Mentions: We used data from the Meiji Yasuda Longitudinal Study, a prospective cohort study based on annual health check-ups conducted in Meiji Yasuda Shinjuku Medical Center in Shinjuku Ward, Tokyo, Japan. The majority of patients were employees and their spouses, with employers providing financial support for the annual health check-ups. This popular method of providing medical services in Japan is called ‘a human dock’. It is also an important source for research participants and data including fatty liver studies.671424Figure 1 shows the flow of participants through the study. We used 2005–2007 survey data (n=25 056, aged 18 years or older) as our baseline data. Of these people, 2541 individuals were excluded due to the lack of an ultrasound confirming their fatty liver and 2365 due to incomplete data. We further excluded 1328 because they had histories of liver disease, including hepatitis B or C, cirrhosis and hepatic haemangioma, they were using drugs associated with hepatic disease or they had antibodies to hepatitis B or C. We excluded 3832 individuals because they had fatty liver disease at the baseline. Furthermore, 4844 individuals were excluded because they could not be followed for at least 1 year. We had a final tally of 10 146 participants. These participants were followed through their annual health check-ups until fatty liver disease had been diagnosed or until the end of 2013. When a participant we were following did not attend an annual check-up, we used all available follow-up data. All participants provided informed consent.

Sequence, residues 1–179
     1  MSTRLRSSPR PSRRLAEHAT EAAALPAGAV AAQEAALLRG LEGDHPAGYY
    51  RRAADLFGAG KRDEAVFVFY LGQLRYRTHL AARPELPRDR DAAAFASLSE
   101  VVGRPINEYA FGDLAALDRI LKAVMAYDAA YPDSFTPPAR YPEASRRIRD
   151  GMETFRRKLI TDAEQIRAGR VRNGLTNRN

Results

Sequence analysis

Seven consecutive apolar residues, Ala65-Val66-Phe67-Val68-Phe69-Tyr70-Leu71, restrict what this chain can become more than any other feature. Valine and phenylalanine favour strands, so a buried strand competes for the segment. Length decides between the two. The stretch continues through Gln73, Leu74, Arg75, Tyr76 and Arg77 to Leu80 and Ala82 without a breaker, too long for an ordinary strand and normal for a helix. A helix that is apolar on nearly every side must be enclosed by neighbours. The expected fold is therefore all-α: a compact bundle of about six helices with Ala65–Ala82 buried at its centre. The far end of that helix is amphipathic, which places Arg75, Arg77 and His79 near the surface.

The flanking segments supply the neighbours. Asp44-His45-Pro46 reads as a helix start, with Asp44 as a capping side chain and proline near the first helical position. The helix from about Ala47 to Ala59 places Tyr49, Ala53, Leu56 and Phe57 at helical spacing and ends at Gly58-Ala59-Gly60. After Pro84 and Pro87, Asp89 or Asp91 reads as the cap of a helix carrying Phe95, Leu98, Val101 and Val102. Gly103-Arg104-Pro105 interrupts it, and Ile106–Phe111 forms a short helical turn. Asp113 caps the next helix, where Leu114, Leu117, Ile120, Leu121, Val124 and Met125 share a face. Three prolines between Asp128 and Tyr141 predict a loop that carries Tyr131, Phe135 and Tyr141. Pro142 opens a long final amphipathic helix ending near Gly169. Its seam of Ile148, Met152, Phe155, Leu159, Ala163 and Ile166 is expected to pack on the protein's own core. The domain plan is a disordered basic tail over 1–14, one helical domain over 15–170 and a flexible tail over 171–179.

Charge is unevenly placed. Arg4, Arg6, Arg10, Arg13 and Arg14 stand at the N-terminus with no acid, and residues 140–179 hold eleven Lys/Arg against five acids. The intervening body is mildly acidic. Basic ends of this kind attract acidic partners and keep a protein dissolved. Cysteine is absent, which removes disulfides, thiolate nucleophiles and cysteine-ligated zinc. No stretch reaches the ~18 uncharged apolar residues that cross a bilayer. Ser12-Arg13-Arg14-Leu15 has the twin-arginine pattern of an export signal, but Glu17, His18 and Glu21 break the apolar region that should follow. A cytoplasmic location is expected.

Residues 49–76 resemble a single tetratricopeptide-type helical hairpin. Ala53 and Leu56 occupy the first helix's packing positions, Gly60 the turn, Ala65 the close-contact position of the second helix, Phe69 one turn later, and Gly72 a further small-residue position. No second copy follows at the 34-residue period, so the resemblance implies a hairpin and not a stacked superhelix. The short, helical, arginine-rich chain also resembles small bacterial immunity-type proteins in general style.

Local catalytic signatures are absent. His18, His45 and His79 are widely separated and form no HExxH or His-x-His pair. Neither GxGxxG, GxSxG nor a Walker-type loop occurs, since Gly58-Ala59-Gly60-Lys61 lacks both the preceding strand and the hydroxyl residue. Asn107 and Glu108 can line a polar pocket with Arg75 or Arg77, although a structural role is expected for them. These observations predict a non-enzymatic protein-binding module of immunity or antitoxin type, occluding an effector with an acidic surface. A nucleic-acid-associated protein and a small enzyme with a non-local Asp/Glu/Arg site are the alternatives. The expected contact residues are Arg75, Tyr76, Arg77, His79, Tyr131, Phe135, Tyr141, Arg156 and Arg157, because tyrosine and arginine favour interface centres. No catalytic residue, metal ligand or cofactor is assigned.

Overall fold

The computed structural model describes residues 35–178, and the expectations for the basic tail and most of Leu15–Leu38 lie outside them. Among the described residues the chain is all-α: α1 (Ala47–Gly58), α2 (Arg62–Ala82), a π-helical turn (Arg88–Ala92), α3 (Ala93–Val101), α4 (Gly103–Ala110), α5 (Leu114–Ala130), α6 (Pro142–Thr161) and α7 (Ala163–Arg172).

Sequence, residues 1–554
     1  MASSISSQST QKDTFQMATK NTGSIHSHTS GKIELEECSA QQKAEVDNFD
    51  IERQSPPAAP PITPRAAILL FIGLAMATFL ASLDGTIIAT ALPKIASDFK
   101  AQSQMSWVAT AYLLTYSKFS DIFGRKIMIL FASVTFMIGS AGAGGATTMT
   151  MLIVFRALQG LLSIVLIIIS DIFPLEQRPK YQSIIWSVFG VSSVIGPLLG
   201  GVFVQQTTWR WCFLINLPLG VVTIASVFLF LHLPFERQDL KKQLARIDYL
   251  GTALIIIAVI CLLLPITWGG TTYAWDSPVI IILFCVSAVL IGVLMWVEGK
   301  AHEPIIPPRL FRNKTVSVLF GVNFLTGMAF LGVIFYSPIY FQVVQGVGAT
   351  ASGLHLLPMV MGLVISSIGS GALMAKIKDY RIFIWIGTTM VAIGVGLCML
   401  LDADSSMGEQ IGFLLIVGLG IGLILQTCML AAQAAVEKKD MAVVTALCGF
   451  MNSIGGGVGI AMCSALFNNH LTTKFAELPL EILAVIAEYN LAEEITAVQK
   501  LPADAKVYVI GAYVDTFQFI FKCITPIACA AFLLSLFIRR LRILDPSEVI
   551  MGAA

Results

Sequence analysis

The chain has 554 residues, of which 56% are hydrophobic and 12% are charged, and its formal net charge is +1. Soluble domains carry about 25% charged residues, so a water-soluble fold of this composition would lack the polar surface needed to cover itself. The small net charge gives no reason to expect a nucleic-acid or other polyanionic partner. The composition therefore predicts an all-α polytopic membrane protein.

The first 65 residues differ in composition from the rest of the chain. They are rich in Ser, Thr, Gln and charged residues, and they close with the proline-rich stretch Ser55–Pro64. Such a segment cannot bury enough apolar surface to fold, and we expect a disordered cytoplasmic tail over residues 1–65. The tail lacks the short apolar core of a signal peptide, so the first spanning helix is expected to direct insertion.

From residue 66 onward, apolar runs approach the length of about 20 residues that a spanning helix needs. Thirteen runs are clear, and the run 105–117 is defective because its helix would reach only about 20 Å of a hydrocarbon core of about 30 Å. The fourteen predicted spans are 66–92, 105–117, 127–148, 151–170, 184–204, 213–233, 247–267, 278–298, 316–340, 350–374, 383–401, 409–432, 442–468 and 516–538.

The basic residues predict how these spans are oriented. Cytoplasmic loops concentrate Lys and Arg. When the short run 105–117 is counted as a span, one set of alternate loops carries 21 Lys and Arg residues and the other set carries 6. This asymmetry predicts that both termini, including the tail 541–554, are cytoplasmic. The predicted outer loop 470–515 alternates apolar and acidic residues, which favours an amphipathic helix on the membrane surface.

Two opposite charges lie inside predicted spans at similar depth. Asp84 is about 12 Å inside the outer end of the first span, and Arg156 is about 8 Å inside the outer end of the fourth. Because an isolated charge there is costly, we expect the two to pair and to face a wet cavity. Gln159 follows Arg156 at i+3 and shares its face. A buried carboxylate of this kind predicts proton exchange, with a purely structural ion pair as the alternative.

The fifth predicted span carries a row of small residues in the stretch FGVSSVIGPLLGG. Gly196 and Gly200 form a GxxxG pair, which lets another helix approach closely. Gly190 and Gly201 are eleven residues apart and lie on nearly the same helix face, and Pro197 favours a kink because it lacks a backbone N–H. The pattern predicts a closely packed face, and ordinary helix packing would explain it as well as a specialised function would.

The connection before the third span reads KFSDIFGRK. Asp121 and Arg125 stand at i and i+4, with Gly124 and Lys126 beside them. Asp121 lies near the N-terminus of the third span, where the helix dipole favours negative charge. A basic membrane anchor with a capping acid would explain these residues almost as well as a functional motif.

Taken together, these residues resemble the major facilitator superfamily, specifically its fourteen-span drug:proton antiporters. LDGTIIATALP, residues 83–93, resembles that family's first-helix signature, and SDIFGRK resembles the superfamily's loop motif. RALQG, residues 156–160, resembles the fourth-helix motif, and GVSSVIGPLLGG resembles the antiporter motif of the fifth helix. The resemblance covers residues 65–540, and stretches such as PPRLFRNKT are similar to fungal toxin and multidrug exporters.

Physical activity and risk of fatty liver in people with different levels of alcohol consumption: a prospective cohort study.

Tsunoda K, Kai Y, Uchida K, Kuchiki T, Nagamatsu T - BMJ Open (2014)

Flow of eligible participants in this study. †At this stage, 3832 of 18 822 examinees (20.4% of total, 29.6% of men, 9.8% of women) were diagnosed with fatty liver. When looking at examinees’ levels of alcohol consumption, 2827 of 14 490 never-moderate alcohol drinkers (19.5% of total, 31.1% of men, 10.0% of women) and 1005 of 4332 heavy alcohol drinkers (23.2% of total, 26.8% of men, 7.8% of women) were diagnosed with fatty liver at the baseline.
© Copyright Policy - open-access
Related In: Results  -  Collection

License
Show All Figures